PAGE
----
Vera was my secretary at Old Vine Detective Agency. She was more than just my employee; we were friends, and I wanted to let her know I cared. I bought Vera some calla lilies from a flower vendor alongside the tracks. Her grateful smile showed straight white teeth between apple-red lips.
I paused alongside the track and with my thumbnail, slit the cellophane on a new deck of Pall Malls. I prefer Camels, but the Pall Mall package bears a Latin motto: In hoc signo vinces. My Latin’s a little rusty—for all I know, it could have meant “Sign in here, Vince,” but whenever I start a new case I buy Pall Malls and read the motto for good luck. I shook two out, cupped my hands, lit them, and passed one to Vera, who was gazing at me with a Mona Lisa grin.
The Southern Pacific conductor climbed down from the side door of Vieux Désirs as we lingered a bit. He had a wad of tobacco in his jaw and must have been waiting to spit while he’d been in the private car because he let out a stream that sluiced between the train and the platform. He saw us and touched his cap as he passed by, and I gave him a friendly nod. After he passed me, he climbed back on board the train at the next door. From that I deduced that the doors between Vieux Désirs and the rest of the train were locked, which I understood to be common practice among the railroads when they were hauling private cars.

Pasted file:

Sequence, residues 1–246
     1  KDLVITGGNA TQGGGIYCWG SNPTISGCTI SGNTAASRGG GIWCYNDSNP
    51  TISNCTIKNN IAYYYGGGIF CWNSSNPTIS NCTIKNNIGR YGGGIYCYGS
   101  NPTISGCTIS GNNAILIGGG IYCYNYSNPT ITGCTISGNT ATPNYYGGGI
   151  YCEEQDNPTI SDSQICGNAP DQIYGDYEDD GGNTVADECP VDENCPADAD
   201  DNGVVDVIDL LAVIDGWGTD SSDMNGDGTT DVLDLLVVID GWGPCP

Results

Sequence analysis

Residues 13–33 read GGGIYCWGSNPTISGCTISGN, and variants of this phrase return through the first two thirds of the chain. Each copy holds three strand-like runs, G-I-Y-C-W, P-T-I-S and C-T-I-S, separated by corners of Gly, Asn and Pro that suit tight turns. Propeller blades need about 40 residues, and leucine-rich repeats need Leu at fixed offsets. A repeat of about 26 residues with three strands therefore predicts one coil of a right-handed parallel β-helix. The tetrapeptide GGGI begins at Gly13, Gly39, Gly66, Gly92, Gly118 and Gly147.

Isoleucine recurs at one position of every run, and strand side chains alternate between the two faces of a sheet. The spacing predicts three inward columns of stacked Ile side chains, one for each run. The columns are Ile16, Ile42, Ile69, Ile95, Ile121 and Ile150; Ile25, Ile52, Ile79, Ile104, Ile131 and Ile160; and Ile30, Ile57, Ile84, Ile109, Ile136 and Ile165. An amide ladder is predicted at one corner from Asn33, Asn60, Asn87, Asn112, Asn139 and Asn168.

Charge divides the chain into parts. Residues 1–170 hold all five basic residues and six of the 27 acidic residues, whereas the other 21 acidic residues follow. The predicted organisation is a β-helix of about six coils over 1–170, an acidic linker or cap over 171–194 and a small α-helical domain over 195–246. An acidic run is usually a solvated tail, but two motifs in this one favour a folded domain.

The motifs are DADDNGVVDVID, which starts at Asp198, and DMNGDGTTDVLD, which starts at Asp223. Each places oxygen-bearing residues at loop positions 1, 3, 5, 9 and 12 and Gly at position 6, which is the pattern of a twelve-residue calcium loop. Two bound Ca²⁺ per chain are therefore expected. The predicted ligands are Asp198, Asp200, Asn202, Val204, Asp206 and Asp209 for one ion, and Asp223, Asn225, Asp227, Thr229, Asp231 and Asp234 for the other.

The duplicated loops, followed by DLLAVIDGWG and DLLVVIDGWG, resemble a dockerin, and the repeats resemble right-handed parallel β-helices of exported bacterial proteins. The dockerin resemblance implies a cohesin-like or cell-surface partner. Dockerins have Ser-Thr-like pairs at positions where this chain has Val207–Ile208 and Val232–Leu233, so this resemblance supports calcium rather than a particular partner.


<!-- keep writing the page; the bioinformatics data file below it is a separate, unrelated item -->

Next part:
My gear for the weekend was packed in a duffel bag slung over my shoulder. I tossed it up on the landing and then held Vera’s bag and gave her a hand up. Her cocktail dress was short enough that when she raised a knee to climb the steps, she revealed some thigh up around her garter. As many times as I saw it, it was inspiring, a thigh of beauty, and I gave her a wolf whistle. She held the lilies across her legs with her right hand, and used her left to grab the rail in the stairwell. When she got to the top step, she winked at me as I climbed on board.
The door into the coach off the steel landing opened into a galley. We’d gone in the service entrance. A stainless gas range dominated the layout, nestled in between shiny cabinets like a king between two rooks. Pots, pans, and cooking utensils dangled from hooks. Everything about the kitchen spoke of efficiency and careful planning. It seemed as though we could count on a good meal later tonight.